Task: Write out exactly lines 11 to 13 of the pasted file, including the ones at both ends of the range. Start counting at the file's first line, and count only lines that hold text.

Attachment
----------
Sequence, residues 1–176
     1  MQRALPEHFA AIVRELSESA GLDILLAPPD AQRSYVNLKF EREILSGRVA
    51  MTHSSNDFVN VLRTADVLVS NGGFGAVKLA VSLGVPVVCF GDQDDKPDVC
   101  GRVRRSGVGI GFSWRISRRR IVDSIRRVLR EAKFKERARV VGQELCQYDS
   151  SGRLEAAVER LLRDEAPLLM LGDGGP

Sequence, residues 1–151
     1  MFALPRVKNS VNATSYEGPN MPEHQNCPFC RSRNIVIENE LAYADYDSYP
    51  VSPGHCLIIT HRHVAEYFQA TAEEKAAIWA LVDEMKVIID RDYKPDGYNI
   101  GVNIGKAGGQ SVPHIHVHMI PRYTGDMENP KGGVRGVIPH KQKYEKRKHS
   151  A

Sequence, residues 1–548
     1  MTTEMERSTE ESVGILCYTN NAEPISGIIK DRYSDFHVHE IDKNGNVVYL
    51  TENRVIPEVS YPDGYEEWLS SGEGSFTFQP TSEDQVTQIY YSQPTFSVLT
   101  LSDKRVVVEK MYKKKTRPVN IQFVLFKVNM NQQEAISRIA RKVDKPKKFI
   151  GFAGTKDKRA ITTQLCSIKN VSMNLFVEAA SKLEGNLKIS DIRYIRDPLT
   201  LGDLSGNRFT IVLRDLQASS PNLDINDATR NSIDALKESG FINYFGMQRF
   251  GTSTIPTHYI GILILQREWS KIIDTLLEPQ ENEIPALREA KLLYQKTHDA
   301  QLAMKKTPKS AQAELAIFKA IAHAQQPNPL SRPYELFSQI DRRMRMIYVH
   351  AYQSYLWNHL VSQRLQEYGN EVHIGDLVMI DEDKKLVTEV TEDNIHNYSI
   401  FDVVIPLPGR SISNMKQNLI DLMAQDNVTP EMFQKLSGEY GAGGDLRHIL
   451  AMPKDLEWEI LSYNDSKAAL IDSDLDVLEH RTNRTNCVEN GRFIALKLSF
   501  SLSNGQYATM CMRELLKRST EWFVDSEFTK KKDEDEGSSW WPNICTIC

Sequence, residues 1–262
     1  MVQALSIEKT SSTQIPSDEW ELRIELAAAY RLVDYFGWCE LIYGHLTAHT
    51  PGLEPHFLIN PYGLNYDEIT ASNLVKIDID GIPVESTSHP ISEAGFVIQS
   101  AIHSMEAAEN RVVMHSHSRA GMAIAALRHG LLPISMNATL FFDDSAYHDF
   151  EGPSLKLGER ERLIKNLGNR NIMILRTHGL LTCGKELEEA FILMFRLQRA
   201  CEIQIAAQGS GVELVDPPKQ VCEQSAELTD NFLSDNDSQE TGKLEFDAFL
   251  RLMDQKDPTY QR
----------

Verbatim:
Sequence, residues 1–548
     1  MTTEMERSTE ESVGILCYTN NAEPISGIIK DRYSDFHVHE IDKNGNVVYL
    51  TENRVIPEVS YPDGYEEWLS SGEGSFTFQP TSEDQVTQIY YSQPTFSVLT